Malawi is among the countries bearing devastating effects of climate change, including unpredictable weather conditions such as floods and droughts rendering millions of families poorer and food insecure.
Experts warn that the world will continue to get warmer and weather patterns more catastrophic without a decrease in greenhouse gas emissions into the atmosphere.
Assessments by the United Nations show that efforts by countries to cut carbon emissions responsible for global warming remain far below the levels required to sustain temperatures as agreed in the Paris accord.
Malawi produces nearly two million tonnes of carbon dioxide per year.
It is Africa’s second country to adopt carbon tax after the continent’s highest emitter South Africa, which produces over 500 million tonnes. The tax acts as carbon pricing mechanism to raise funds to drive climate change mitigation and adaptation actions at both national and community level.
Introduced in 2019, the levy only targets motorists contrary to UN guidelines that extends carbon tax across all activities that use fossil fuel, including burning of coal for electricity and even deforestation.
Initially, motor vehicles, now taxed based on engine capacity, paid the tax to Malawi Revenue Authority at centres designated to provide vehicles certificate of fitness.
Treasury changed the pay point in June, requiring motorists to pay K5 per litre when buying fuel at a pump.
“Treasury has reported that in 2019/2020 fiscal year, the carbon tax generated K1.3 billion and the funds were used by government. In the 2020/21 the projection of the money to be collected from carbon tax is at K3 billion,” says Ministry of Finance spokesperson Williams Banda.
While South Africa has started using the carbon levy to bankroll programmes providing clean and safer energy to the poor, Malawi is still in debating what specific climate-related action the tax will be funding.
However, before that is done, a number of burning issues need to be addressed.
“To operationalise a fund, an institution requires to adhere to the Public Finance Management Act and Treasury instructions. Discussions are at an advanced stage to operationalise the Climate Change Fund in 2020/21 fiscal year,” Banda explains.
But some climate change campaigners feel the delay is unjustifiable.
Movement for Environmental Action (MEA) is among concerned civil society groups agitating for the authorities to speed up the process.
The civil society group supports the imposition of carbon tax, but its representative Clement Masangano feels the public is not being kept in the loop on progress made so far.
Masangano says the climate change fund should put its focus on mitigating deforestation.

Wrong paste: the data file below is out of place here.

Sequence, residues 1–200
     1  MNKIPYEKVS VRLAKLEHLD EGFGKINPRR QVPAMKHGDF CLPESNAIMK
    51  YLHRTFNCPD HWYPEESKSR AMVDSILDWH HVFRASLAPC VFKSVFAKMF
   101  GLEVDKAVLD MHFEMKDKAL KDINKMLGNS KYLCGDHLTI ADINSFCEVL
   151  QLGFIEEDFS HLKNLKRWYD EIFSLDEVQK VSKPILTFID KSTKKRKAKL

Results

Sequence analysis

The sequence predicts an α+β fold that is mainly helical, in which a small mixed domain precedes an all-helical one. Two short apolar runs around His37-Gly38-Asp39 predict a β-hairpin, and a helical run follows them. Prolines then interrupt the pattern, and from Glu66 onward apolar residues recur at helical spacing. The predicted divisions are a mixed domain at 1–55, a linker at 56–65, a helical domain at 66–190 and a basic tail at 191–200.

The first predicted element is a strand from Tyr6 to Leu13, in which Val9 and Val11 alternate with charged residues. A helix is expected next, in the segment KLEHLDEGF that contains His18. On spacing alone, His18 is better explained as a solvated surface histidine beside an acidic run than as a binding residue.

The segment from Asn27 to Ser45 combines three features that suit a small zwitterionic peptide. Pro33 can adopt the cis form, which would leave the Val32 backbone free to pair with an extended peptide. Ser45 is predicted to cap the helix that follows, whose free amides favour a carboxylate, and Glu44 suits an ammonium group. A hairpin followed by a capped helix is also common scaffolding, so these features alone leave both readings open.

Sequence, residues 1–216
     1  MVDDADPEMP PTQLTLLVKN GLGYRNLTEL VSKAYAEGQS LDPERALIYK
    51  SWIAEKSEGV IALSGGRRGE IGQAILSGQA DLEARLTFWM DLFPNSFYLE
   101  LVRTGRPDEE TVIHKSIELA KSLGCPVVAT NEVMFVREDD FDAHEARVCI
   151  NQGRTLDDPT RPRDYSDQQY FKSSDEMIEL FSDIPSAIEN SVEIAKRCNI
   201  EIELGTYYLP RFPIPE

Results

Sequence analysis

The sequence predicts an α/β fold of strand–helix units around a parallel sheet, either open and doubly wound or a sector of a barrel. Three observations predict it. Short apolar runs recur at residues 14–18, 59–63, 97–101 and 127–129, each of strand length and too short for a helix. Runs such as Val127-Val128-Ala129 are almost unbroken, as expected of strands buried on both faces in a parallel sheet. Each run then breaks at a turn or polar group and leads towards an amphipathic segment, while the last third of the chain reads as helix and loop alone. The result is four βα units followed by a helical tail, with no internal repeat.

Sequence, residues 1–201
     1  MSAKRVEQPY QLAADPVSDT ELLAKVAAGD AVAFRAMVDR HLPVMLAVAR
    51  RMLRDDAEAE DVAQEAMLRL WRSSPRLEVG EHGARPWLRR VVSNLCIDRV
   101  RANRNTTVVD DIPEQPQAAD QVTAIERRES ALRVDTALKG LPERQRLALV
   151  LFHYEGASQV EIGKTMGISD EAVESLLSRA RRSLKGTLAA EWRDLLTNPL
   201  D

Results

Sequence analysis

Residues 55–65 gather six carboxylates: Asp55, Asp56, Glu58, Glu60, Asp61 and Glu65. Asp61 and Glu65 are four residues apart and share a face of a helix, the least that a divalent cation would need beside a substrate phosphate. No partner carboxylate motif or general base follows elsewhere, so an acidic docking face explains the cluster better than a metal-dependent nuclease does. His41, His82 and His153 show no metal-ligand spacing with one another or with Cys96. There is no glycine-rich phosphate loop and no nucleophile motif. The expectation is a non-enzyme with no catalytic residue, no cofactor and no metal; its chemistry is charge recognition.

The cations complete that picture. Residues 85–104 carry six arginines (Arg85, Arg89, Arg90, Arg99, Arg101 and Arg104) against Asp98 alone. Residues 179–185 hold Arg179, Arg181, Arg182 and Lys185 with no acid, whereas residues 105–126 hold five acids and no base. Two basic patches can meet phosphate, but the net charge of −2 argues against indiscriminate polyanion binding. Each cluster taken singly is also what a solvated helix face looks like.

He argues: “Deforestation due to household cooking and use of charcoal is a huge challenge. We need to accelerate generation of hydropower.
“This will improve efficiency of electricity and to make it cheaper, there is also need to financially empower small companies that produce solar electricity so that they produce in large quantities to feed into the national grid.”
For Masangano, there is a need to intensify efforts to senstise community members to the importance of the lost green cover and provide other commercial activities to divert the their attention from illicit charcoal burning.
He urges the government to promote use of resistant and high-yielding crop varieties as another adaptation strategies deserving financial support.
“Old varieties are not withstanding the harsh weather. We need to empower more research institutions to come up with early-yielding varieties,” Masangano adds.
Tawonga Mbale, director of Environmental Affairs Department, says the Ministry of Forest and Natural Resources is discussing with Treasury on modalities of accessing the carbon tax, but says the list of priorities is already there.
She states: “There will be different windows of opportunities targeting different sectors, including non-governmental organisations and academic institutions, .
“The target will be activities that are making an environmental impact in the areas of climate change and waste management, among others. It will be good to raise money domestically which we can use to leverage more funding internationally.”
The current carbon tax system is largely focuses on energy transition from fossil fuels, including petrol and diesel as used in vehicles, but MEA is of the view that other sources of emissions—including air travel, water transport and factories that burn coal for energy—should also be compelled to pay for their contributions to global warming and air pollution.